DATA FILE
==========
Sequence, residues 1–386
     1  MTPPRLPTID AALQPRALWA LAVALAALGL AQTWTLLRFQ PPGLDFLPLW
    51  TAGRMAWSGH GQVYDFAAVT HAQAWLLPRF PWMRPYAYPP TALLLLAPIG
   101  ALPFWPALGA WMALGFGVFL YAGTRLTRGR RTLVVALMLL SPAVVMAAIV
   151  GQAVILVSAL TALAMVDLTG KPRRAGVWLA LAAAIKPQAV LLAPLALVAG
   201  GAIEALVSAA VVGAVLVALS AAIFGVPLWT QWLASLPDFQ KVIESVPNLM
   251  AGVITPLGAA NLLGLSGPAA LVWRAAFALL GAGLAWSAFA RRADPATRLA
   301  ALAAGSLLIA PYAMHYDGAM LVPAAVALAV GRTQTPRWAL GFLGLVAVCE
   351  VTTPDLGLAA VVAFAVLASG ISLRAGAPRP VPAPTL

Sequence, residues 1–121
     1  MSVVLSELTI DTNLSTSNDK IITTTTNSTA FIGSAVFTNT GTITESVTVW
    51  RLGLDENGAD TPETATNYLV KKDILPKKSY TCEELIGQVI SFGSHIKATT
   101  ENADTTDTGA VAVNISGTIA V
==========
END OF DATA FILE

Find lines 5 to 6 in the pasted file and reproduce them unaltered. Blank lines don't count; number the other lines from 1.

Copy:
   151  GQAVILVSAL TALAMVDLTG KPRRAGVWLA LAAAIKPQAV LLAPLALVAG
   201  GAIEALVSAA VVGAVLVALS AAIFGVPLWT QWLASLPDFQ KVIESVPNLM